ALBION — A small but powerful storm took down dozens of trees and damaged buildings Tuesday evening in Albion.

On Wednesday, the National Weather Service reported the damage was the result of a small microburst, which is caused by a small but powerful downdraft usually during a thunderstorm.

The microburst appears to have been localized around the area of Bog Road and hit Cedar Springs Golf Course dead on. According to the Fairfield-Benton Fire Department, the storm also did signficant damage to trees on Unity Road, Hanscom Road and East Benton Road in Benton.

The storm also caused torrential rain in parts of Franklin, Kennebec and Waldo counties, and there were scattered reports of damage and limbs and wires down through central Somerset County, including in Canaan, Athens, Hartland and Pittsfield.

On Wednesday morning, Cedar Springs owner Tim Theriault and volunteers were working to clear away at least 50 trees that were torn down during the storm. The group had to get the club opened by early afternoon so it would not have to cancel its league play Wednesday evening.

The microburst hit around 6:30 p.m., Theriault said. The microburst picked up strong wind amid hail, rain, thunder and lightning. He was hunkered down in the clubhouse with his wife, Rebecca, and two golfers who made it to shelter only minutes before the storm hit.

“It was unbelievable,” Theriault said. “That’s the worst storm I’ve ever seen.”

The burst lasted only five minutes, but that was all the time it took to do extensive damage. Theriault, who’s also the China Village fire chief and the District 79 state representative, watched the 8-foot-by-20-foot roofed porch on the front of the courthouse rip off and go sailing away.

On Tuesday morning the remains of the porch were strewn on the south side of the clubhouse and on the nearby greens.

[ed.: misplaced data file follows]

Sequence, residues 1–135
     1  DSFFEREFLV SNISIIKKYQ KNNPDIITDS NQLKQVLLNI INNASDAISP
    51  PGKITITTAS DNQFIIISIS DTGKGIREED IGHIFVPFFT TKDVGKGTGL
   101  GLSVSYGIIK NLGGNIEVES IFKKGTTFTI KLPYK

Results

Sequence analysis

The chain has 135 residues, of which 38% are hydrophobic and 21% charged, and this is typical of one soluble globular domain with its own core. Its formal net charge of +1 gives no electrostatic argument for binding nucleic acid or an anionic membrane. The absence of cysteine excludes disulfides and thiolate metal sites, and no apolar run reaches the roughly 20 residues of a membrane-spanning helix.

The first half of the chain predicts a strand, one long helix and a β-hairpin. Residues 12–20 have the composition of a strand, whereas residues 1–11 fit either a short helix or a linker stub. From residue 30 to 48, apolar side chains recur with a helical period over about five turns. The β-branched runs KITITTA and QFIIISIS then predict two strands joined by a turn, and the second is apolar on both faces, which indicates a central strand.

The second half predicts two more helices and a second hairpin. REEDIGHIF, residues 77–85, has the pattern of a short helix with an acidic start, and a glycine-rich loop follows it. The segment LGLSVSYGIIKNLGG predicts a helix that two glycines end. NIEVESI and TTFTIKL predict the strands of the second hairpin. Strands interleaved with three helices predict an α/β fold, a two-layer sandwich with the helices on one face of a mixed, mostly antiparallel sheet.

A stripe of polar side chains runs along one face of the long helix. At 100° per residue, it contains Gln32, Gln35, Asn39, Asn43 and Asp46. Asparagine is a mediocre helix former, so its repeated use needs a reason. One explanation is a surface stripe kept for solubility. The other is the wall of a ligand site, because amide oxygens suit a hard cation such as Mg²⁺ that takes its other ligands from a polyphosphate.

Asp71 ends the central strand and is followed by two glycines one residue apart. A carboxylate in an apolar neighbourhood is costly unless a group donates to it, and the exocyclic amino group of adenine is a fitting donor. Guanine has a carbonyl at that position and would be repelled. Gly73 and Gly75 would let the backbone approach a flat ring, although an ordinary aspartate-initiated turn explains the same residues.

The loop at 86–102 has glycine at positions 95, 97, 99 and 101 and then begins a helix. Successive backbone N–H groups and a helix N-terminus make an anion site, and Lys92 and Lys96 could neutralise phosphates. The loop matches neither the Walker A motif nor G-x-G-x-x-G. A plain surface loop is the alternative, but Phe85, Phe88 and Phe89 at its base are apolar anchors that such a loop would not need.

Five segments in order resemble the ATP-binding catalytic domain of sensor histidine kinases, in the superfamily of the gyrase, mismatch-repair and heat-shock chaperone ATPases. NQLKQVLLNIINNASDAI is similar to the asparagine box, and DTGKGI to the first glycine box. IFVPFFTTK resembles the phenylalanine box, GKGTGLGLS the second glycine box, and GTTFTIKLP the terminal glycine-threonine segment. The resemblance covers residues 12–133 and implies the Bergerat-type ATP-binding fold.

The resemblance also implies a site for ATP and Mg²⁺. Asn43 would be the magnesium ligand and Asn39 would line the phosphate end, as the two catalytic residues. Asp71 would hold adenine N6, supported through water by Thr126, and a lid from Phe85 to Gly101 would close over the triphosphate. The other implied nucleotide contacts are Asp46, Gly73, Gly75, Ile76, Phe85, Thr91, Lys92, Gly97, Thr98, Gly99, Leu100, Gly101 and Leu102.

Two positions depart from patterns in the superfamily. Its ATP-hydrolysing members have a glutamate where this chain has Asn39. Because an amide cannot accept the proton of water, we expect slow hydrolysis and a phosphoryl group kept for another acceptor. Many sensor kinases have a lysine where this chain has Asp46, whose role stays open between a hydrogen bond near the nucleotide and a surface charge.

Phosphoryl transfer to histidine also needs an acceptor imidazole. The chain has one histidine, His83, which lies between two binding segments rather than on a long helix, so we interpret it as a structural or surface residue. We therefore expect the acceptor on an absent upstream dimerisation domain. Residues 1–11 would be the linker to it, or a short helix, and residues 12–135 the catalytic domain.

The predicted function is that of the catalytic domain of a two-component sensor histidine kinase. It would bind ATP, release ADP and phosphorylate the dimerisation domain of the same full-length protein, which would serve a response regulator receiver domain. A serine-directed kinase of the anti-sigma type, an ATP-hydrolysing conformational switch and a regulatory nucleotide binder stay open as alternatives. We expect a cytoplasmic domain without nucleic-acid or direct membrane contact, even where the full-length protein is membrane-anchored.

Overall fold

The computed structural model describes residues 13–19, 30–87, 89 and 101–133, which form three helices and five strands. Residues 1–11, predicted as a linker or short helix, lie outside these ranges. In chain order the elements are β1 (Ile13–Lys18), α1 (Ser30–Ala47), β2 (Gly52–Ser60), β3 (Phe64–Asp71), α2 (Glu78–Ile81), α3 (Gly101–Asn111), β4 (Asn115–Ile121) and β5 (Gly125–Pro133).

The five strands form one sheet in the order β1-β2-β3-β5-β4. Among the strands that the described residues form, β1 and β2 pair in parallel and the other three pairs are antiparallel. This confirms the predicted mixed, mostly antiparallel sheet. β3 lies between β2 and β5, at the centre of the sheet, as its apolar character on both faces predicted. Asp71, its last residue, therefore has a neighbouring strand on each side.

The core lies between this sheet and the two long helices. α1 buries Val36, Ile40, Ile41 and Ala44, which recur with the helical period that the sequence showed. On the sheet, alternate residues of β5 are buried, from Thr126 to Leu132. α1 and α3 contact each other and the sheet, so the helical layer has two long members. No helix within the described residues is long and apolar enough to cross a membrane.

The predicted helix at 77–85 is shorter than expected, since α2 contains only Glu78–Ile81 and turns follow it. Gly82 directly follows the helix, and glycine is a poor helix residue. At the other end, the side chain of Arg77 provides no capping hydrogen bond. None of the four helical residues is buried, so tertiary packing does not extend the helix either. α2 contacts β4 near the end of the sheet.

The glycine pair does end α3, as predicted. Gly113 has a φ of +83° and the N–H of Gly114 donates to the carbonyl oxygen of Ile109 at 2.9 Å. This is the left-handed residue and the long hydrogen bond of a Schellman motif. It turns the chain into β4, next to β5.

“It was ground zero,” Theriault said. “I thought a bomb went off.”

The rain lasted for about 20 minutes before the small group made it outside to survey the destruction.

John Jensenius, a meteorologist with the National Weather Service in Gray, was at the golf course on Wednesday morning to evaluate the damage. The NWS issued a tornado warning for southeastern Somerset County around 5:30 p.m. Tuesday, but Jensenius didn’t think a tornado had touched down.

In a microburst, much of the damage will fan out in the direction the storm is traveling — in this case, south by southeast — Jensenius said. A tornado, on the other hand, leaves a path of damage in the direction it moves, he said.

A microburst can be as large as 2 miles wide, Jensenius said. In comparison, the burst that hit Albion on Tuesday was small, he said.

On Wednesday morning, Sonia Nelson watched Theriault and her husband, Steve, operate the claw on a grapple truck to tear down parts of a damaged tree in a stand of woods between parts of the course.

The Nelsons and their son Darren had just finished playing through the seventh hole Tuesday when they left the course because of menacing dark clouds, she said. They stopped to get a sandwich down the road. Within a couple of minutes, the storm broke, kicking up high wind and dropping hail.

The Nelsons live less than five miles from the golf course, but their house was untouched by the storm, Sonia Nelson said.

The family got a call from Theriault less than an hour later and returned to look at the damage.

“It was a nightmare. I felt so bad,” Sonia said. Considering the damage, it was lucky no one was injured, she said.

Along with the destroyed porch, the storm damaged two water pumps. A few cows from a nearby farm also got onto the course and damaged the wet greens. Theriault said volunteers spent most of Tuesday evening trying to get the cows off the course.

 

Peter McGuire — 861-9239

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Twitter: PeteL_McGuire